Many contract workers such as Zakir Hussain were forced to buy their own masks themselves due to the coronavirus scare. He purchased an N95 mask for Rs 100, which he plans to use for a month.
He claimed that municipal officials did not give him any safety instructions in the wake of the pandemic. “I started taking precautions after watching some videos on social media,” said Hussian, 28, who works at the municipal ward in Colaba, south Mumbai.
In developed countries, Sundararaman from People’s Health Movements pointed out, the risks to sanitation workers have been mitigated by following protocols such as mechanization, providing protective equipment, and enhancing social benefits like adequate compensation for injuries/disease.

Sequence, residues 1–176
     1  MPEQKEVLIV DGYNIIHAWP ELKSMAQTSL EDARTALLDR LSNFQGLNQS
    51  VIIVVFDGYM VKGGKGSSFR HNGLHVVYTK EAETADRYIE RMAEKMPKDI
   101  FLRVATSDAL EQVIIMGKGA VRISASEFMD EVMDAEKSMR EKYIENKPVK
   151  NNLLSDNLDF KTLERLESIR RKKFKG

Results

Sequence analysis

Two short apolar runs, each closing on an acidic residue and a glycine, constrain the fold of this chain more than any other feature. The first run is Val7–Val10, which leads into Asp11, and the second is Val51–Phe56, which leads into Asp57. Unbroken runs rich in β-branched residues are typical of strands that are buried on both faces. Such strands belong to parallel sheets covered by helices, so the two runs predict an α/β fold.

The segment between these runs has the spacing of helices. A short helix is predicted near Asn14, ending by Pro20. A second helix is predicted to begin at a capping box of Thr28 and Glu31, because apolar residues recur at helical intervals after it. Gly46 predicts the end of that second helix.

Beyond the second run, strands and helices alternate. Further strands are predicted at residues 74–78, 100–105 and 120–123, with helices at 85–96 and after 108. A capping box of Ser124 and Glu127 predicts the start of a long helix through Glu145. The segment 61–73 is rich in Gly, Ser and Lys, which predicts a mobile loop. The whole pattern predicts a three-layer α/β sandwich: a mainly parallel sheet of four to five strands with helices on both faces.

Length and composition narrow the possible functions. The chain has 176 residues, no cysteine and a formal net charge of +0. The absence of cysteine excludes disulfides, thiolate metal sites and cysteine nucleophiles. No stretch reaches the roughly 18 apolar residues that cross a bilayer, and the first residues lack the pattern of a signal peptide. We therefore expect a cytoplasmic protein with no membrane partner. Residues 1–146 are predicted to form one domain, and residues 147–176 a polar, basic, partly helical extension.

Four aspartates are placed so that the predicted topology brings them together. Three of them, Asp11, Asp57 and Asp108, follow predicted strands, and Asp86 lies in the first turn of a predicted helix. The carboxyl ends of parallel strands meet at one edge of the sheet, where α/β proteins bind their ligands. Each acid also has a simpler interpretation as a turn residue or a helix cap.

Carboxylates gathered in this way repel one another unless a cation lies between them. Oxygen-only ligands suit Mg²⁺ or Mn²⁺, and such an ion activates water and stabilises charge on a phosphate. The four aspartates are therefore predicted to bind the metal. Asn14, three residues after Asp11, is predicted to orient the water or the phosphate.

“In India, these protocols are followed in the breach,” he claimed.
On Monday, India was put under an unprecedented lockdown to prevent the spread of COVID-19, with states sealing their borders, shutting down public transport, and asking citizens to work from home.
But for many, working from home was not an option.
Chotalaxmi Naamdaar, a contract labourer who collects garbage in Fort in south Mumbai, was stopped by the police on the way to work. “They were asking for an ID, which we don’t have, and asked us to return. That meant losing Rs 250 as my daily income,” the 42-year-old told Al Jazeera.
In Thane, a neighbouring district of Mumbai, contract workers have been deployed to clean a building in Kasarvadavali, where 13 people are being kept under observation for COVID-19.
Bala Hivrale, vice president of the Maharashtra Municipal Kamgaar Union (MMKU), said the workers were not provided masks and gloves either.
“All these years they did not provide us protective gear. But for humanity’s sake, this is an emergency. Why are they so callous towards us?” he told Al Jazeera.